The US Food and Drug Administration (FDA) has approved a once-daily treatment with netarsudil and latanoprost ophthalmic solution (Rocklatan, Aerie Pharmaceuticals) to decrease elevated intraocular pressure (IOP) in patients with open-angle glaucoma or ocular hypertension, the company has announced.
Rocklatan is the first and only once-daily, fixed-dose combination of a prostaglandin analog (latanoprost) and the first-in-class rho-associated protein kinase (ROCK) inhibitor (netarsudil), according to the company.
Netarsudil is the active ingredient in Rhopressa (Aerie Pharmaceuticals), which was approved by the FDA in February 2018 as a once-daily treatment for open-angle glaucoma or ocular hypertension. Netarsudil targets the trabecular outflow pathway, countering the stiffening and contraction of the meshwork that elevates ocular pressure.
FDA approval of the netarsudil/latanoprost ophthalmic solution was supported by data from two phase 3 clinical trials known as MERCURY 1 and MERCURY 2.
In both studies, the drug achieved the primary 90-day efficacy endpoint as well as positive 12-month safety and efficacy results, "demonstrating statistically superior IOP reduction over latanoprost and netarsudil at every measured time point," the company said.
More than 60% of patients using the netarsudil/latanoprost ophthalmic solution in the two studies achieved an IOP reduction of 30% or more, a frequency that was nearly twice that achieved by participants taking latanoprost alone.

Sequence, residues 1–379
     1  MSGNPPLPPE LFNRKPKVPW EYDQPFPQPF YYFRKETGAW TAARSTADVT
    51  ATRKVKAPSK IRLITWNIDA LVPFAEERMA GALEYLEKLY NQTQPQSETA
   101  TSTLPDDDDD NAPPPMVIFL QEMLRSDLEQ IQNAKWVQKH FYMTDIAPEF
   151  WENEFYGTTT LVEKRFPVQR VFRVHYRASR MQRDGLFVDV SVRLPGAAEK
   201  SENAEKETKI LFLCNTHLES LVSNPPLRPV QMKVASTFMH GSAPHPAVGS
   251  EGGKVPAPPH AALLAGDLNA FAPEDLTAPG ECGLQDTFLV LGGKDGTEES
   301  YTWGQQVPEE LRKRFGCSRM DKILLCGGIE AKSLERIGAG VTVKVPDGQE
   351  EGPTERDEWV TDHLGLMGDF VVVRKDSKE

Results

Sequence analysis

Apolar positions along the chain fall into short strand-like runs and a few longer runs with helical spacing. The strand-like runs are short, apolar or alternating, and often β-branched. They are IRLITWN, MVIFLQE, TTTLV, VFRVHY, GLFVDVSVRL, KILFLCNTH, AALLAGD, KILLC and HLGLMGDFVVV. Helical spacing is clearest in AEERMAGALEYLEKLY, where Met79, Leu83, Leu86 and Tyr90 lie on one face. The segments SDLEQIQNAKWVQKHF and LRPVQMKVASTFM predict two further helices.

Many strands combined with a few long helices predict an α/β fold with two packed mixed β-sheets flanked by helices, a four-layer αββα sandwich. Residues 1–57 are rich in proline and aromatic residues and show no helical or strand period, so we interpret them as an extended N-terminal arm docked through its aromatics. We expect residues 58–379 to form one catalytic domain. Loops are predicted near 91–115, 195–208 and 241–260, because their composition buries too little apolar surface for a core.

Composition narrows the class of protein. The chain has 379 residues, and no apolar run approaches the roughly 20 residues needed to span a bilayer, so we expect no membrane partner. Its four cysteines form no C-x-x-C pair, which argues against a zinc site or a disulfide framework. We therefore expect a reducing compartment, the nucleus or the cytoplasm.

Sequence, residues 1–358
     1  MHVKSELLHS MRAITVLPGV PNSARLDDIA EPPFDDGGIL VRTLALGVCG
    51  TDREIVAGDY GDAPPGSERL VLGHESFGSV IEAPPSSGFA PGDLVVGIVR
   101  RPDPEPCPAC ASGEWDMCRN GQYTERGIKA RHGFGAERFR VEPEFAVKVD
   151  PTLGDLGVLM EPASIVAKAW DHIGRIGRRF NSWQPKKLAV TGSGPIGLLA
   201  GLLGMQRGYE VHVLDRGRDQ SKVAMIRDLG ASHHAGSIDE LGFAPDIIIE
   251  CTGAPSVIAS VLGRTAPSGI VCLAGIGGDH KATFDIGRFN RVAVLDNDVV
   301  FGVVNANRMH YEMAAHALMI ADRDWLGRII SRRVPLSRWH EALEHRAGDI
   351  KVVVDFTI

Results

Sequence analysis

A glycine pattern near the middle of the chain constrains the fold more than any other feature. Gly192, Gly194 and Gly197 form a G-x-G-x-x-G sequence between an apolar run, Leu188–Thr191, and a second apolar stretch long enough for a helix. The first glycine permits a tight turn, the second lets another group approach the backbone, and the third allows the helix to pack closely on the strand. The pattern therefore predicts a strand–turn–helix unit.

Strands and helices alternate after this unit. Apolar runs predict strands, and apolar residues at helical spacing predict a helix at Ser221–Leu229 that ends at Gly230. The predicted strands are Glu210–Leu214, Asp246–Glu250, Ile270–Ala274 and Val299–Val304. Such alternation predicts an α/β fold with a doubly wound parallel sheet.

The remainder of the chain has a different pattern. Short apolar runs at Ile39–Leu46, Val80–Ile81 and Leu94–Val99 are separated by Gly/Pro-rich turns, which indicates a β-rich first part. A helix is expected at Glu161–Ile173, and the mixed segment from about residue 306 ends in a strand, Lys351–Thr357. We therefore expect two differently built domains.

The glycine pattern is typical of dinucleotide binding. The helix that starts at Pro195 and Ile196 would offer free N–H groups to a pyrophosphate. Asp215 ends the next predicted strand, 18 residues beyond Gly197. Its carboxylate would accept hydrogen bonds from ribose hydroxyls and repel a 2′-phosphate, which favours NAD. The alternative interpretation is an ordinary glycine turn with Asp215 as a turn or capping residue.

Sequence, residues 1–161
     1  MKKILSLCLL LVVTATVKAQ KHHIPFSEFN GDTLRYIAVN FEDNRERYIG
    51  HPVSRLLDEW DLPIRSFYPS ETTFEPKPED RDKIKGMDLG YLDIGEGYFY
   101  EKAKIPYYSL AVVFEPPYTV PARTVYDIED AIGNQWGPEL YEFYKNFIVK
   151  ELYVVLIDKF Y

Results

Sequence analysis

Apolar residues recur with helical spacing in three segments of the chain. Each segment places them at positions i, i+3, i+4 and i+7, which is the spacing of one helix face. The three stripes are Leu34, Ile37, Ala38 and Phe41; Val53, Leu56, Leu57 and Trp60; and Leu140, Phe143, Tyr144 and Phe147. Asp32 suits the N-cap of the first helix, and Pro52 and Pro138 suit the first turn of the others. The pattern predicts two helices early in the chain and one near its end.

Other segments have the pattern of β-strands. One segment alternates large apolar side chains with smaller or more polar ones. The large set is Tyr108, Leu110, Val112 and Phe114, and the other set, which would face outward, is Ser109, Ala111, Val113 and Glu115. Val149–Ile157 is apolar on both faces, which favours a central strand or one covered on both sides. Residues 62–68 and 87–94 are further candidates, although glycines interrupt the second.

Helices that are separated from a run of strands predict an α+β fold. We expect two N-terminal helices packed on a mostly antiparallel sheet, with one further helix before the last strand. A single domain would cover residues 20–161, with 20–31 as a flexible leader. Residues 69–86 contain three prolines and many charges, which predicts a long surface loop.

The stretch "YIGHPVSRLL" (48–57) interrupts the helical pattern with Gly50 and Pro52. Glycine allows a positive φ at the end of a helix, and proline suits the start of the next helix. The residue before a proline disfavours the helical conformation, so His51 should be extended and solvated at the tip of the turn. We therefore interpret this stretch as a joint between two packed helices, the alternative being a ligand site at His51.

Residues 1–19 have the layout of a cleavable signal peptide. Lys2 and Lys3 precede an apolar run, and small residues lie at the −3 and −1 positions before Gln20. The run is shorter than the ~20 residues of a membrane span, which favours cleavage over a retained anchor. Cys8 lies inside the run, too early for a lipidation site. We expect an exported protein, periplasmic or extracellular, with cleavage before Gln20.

The netarsudil/latanoprost combination product also helped more patients get to "low target" pressures, the company said, noting that nearly twice as many patients using it reached 16 mm Hg or lower and nearly three times as many reached 14 mm Hg or lower compared with latanoprost.
The netarsudil/latanoprost ophthalmic solution was associated with generally mild and tolerable ocular adverse events, according to the company, with minimal systemic side effects. The most common ocular adverse event was conjunctival hyperemia. Most patients who experienced hyperemia reported it as mild; 5% stopped using the eye drops because of it. Other common ocular adverse effects reported in the studies include instillation site pain, corneal verticillata, and conjunctival hemorrhage.
The company said it plans to launch the netarsudil/latanoprost ophthalmic solution in the second quarter of 2019.
Tad Heitmann, head of communications for Aerie Pharmaceuticals, told Medscape Medical News that the company has not announced a price for Rocklatan, "but you can expect a small premium to Rhopressa. We have guided to a net price of about $100 per bottle for Rhopressa and about $110-115 per bottle for Rocklatan."
The National Eye Institute estimates that more than 2.7 million people in the United States have glaucoma, a number expected to reach 4.3 million by 2030.
Cite this: FDA OKs Rocklatan, a New Once-Daily Eye Drop for Glaucoma - Medscape - Mar 13, 2019.